Wikipedia has a helpful elementary discussion of resistance [unit = Ohm] of an object as it relates to the resistivity [unit = Ohm-cm] of a material. The easy relationship is that the resistance in Ohms of a 1-cm cube of material is equal numerically to its resistivity in Ohm-cm. Resistance = resistivity x length / area in compatible units.

It thus makes sense to speak of a **material** having a resistivity that is [or, as in the case of the OP, is not] constant. Thus, in the formula R(p) = 2*sqrt(p), R refers to the resistivity of the material. After you've specified the material's shape, i.e. created an **object**, it's meaningful to speak of resistance.

Again, the distinction is that resistivity is a property of a material, independent of its shape; resistance is a property of an object. Resistance depends on the object material's resistivity and on the object's shape.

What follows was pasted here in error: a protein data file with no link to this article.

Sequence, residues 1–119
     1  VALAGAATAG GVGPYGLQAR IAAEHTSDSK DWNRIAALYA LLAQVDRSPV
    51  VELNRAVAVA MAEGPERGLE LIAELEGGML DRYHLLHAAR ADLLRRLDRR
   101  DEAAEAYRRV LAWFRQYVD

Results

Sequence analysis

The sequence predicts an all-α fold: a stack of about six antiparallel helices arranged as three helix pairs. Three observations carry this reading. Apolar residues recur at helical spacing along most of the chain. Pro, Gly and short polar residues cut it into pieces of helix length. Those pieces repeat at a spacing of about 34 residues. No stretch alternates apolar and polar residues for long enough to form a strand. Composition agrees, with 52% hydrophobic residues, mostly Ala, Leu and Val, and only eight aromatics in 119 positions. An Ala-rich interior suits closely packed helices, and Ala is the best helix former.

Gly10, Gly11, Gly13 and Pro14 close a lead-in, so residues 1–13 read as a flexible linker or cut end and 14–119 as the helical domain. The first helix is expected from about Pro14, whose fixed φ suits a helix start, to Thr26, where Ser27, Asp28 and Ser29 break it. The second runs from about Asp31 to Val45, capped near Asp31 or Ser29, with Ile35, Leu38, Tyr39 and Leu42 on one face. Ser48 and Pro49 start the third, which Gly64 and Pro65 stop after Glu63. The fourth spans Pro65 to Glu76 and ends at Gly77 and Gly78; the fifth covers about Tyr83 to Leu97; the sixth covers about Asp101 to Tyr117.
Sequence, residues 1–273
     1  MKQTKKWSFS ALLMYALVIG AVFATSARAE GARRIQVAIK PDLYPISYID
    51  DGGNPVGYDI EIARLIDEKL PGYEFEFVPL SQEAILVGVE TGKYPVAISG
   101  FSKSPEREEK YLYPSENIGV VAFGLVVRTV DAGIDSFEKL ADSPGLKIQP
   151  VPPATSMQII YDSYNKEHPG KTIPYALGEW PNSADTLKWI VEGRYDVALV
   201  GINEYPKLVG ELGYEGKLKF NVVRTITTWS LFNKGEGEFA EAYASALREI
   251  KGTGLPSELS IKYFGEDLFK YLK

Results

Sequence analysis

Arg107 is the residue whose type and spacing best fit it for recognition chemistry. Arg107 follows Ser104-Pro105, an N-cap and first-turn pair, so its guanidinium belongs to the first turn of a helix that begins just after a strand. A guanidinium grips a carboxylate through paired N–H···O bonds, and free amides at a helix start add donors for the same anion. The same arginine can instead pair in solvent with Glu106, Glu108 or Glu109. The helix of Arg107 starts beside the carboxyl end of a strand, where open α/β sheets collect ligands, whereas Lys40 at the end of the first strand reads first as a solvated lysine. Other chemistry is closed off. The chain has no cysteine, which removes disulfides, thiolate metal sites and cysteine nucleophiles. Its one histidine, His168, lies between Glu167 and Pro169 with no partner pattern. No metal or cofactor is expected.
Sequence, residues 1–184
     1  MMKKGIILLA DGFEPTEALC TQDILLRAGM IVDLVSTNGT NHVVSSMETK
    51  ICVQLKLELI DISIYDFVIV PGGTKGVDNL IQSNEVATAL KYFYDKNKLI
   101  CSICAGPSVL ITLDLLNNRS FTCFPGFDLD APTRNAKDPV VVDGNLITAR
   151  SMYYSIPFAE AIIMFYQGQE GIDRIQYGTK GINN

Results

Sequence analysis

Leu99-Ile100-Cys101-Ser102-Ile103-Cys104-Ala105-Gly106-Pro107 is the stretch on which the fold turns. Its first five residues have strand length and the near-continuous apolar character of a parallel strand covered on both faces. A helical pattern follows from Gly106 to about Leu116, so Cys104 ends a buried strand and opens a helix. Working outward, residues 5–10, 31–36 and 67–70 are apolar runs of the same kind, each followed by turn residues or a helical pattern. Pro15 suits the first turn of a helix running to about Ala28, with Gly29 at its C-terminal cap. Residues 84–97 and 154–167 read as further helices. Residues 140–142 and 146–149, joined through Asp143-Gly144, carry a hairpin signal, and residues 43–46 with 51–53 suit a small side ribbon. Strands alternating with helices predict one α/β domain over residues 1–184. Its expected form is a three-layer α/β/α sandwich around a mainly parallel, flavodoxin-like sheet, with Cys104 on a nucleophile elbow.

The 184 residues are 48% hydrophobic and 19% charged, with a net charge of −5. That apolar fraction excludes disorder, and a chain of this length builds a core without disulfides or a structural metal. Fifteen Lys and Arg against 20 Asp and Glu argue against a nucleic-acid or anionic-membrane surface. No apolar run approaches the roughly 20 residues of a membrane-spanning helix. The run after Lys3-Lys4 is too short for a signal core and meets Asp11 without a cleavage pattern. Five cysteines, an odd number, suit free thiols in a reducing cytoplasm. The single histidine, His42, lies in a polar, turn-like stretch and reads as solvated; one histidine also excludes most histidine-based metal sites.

I was attempting to recreate a problem from an EE final I had 1.5 years ago based on memory, but I realized after I submitted that I had some minor problems in the statement. One which causes the actual calculation to be slightly more difficult than I anticipated (harder integral), and now.... units.

I would argue that the differential volume elements have shape and are objects, but this would not be helpful, because integration involves more than just summing stuff together - it also involves a change in units due to multiplication of differential elements of whatever units belong to the variable of integration. Thus if you intend to use something as part of an integrand, such that after integration it becomes what you originally had, what's in the integrand is actually a density of the original quantity vs. being portions of the original quantity.

In essence, bonanova is correct.

**Edited by mmiguel, 06 September 2012 - 07:48 AM.**